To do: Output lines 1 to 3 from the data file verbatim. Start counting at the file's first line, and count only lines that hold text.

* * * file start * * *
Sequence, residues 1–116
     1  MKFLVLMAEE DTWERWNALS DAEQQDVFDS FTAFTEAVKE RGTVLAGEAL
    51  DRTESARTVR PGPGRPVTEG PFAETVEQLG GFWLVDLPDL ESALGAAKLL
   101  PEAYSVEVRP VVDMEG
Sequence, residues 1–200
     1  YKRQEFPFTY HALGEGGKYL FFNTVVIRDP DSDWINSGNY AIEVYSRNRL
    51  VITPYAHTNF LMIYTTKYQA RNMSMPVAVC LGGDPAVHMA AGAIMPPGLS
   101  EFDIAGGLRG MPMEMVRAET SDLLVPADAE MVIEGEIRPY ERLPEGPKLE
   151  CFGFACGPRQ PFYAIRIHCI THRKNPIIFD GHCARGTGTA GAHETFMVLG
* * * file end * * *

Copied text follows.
Sequence, residues 1–116
     1  MKFLVLMAEE DTWERWNALS DAEQQDVFDS FTAFTEAVKE RGTVLAGEAL
    51  DRTESARTVR PGPGRPVTEG PFAETVEQLG GFWLVDLPDL ESALGAAKLL